**P**that causes maximal correlation between perceptual dissimilarity (computed between each \({\rm{\stackrel{{}_\rightharpoonup}{s}}}\) and \({{\rm{\stackrel{{}_\rightharpoonup}{s}}}}{}^{\prime}\) using Equation 16) and human difference ratings.

*plus*the degree to which \({\rm{\stackrel{{}_\rightharpoonup}{u}}}( {{\rm{\stackrel{{}_\rightharpoonup}{s}\!\!{{\rm{^\prime}}}}}} )\) differs from \({\rm{\stackrel{{}_\rightharpoonup}{u}}}( {{\rm{\stackrel{{}_\rightharpoonup}{s}}}} )\) as we move from \({\rm{\stackrel{{}_\rightharpoonup}{s}}}\) to \({\rm{\stackrel{{}_\rightharpoonup}{s}\!\!{{\rm{^\prime}}}}}\):

**ε**is the strain tensor and

**I**, the identity matrix, was the original tensor. By distribution of the previous equation, we can create an alternative definition of perceptual distance (not required herein):

*change in distance*caused by perceptual strain.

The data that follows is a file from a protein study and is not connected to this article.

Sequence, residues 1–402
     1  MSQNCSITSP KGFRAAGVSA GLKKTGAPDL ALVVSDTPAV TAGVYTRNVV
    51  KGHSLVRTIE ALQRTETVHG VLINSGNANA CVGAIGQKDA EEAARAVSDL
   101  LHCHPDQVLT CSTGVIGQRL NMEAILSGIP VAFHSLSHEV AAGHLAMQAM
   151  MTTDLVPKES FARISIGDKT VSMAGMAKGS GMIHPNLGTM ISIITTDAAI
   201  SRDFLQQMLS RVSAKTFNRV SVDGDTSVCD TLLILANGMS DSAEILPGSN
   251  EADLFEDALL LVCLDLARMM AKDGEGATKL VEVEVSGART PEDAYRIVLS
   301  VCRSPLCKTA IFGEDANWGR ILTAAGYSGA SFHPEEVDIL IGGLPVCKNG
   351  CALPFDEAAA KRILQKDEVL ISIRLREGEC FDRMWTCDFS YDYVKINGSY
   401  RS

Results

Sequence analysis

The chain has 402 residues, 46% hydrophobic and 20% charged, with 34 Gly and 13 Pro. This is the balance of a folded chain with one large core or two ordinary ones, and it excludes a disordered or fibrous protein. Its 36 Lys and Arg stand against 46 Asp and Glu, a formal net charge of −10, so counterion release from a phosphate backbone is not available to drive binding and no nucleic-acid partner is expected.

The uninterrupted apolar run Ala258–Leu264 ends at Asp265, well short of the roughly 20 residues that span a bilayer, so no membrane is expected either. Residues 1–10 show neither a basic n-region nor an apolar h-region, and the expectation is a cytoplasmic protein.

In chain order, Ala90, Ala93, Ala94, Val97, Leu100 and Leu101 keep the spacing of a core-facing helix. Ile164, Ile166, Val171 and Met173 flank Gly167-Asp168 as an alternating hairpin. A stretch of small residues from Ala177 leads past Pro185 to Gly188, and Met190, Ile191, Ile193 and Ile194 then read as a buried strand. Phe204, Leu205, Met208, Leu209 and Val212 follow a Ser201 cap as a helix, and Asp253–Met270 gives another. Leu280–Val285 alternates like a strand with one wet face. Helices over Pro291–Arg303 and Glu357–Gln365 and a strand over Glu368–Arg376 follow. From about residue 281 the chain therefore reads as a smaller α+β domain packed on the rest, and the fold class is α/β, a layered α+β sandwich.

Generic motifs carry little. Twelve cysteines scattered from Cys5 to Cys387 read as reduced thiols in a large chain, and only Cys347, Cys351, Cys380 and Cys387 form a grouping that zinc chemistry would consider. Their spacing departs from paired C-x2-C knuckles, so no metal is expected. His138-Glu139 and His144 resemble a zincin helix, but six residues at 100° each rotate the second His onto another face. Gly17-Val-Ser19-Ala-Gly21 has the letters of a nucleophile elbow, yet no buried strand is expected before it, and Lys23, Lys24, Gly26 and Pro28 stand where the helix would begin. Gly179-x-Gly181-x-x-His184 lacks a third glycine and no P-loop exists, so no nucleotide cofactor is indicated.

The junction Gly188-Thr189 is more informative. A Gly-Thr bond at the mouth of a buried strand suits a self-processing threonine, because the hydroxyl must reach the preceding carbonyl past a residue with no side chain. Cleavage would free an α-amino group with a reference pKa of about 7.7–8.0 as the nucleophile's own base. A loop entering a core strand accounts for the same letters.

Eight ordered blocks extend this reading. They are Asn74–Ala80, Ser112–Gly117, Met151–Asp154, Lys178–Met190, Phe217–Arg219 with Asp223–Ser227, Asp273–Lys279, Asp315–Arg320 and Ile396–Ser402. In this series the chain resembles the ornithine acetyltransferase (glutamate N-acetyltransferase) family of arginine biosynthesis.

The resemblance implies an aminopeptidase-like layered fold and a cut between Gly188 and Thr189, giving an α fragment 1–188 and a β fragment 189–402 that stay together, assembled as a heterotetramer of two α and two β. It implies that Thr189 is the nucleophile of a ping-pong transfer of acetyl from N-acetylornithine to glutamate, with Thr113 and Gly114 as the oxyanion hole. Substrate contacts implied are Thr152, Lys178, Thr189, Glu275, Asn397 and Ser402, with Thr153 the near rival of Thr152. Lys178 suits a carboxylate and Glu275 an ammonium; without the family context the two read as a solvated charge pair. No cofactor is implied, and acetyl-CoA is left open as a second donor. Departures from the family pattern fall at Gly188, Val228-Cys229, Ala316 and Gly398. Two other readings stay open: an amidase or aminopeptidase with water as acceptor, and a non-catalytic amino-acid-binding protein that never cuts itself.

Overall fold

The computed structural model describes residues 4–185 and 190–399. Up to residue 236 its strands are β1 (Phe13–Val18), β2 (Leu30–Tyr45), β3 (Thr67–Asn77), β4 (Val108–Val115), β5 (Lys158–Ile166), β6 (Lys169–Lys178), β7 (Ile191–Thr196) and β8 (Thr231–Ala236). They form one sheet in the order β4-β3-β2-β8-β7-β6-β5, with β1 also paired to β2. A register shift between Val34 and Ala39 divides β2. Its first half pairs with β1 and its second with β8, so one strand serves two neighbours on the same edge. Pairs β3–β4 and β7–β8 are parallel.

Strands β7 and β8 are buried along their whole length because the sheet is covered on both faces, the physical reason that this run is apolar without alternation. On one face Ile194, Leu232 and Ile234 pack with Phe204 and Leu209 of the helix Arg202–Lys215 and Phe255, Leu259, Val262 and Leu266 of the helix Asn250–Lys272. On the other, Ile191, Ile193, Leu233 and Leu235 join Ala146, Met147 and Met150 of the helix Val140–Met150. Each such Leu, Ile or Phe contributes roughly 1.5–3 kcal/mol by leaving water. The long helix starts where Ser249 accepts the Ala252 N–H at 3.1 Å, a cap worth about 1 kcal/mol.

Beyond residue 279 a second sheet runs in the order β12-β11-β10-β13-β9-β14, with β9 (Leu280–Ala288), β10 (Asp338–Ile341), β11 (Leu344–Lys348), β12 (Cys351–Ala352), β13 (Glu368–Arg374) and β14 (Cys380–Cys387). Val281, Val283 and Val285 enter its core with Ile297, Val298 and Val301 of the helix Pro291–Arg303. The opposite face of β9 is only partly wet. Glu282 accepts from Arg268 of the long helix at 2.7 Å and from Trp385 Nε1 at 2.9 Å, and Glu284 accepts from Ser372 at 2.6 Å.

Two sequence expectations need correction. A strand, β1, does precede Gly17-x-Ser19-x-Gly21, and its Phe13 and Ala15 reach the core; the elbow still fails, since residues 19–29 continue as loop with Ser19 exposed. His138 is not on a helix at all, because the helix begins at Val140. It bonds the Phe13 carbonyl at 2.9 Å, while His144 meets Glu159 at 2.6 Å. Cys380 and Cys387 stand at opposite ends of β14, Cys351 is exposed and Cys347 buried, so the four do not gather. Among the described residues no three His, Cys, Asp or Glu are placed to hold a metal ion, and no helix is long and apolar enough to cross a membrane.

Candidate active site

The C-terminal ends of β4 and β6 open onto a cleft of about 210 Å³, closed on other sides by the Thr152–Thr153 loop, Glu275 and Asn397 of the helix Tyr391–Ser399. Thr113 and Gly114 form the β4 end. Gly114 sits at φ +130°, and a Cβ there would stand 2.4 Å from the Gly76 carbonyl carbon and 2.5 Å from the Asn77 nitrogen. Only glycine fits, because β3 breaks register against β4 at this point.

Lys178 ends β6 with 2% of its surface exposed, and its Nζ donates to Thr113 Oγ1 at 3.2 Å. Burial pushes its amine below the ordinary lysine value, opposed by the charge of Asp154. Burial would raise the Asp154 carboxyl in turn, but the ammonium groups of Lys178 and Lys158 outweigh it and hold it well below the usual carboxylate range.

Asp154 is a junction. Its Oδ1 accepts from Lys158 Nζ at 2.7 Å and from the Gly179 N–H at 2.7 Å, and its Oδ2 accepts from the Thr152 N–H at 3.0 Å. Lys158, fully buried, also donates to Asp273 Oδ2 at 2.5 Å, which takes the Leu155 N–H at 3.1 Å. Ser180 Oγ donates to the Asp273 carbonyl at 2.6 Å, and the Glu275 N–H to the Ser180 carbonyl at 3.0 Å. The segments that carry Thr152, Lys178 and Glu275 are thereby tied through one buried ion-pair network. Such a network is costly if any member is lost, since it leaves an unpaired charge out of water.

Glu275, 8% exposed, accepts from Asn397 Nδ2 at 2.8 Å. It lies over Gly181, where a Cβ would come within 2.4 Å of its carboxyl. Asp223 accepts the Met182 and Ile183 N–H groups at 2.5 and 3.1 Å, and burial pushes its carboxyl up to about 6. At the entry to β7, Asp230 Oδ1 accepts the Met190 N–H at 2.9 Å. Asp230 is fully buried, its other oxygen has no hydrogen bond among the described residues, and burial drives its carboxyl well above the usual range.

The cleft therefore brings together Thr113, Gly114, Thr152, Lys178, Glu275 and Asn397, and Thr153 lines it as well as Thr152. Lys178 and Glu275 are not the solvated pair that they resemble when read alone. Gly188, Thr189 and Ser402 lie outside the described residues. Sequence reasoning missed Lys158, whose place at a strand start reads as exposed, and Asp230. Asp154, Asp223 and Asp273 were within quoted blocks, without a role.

*N*< 35, precise count unknown) placed together on a linear scale such that pairwise distances between the images matched perceived difference. The TID 2013 (Ponomarenko et al., 2015) and Toyama (Tourancheau, Autrusseau, Sazzad, & Horita, 2008) datasets were also utilized for breadth. These datasets contain similar imagery, with slightly varying image sizes and measures. Each of these datasets contains subsets with different image degradation methods (see citations). Regardless of dataset, all human ratings reported here are normalized to a range of [0, 1], where 0 is no perceived distance (perfect fidelity).